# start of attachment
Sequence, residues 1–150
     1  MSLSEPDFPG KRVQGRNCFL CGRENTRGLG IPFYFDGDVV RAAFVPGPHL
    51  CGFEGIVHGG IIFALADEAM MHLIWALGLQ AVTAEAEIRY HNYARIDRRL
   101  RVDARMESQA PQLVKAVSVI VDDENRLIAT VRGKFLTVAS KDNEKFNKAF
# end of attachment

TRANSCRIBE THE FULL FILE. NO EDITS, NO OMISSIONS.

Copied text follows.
Sequence, residues 1–150
     1  MSLSEPDFPG KRVQGRNCFL CGRENTRGLG IPFYFDGDVV RAAFVPGPHL
    51  CGFEGIVHGG IIFALADEAM MHLIWALGLQ AVTAEAEIRY HNYARIDRRL
   101  RVDARMESQA PQLVKAVSVI VDDENRLIAT VRGKFLTVAS KDNEKFNKAF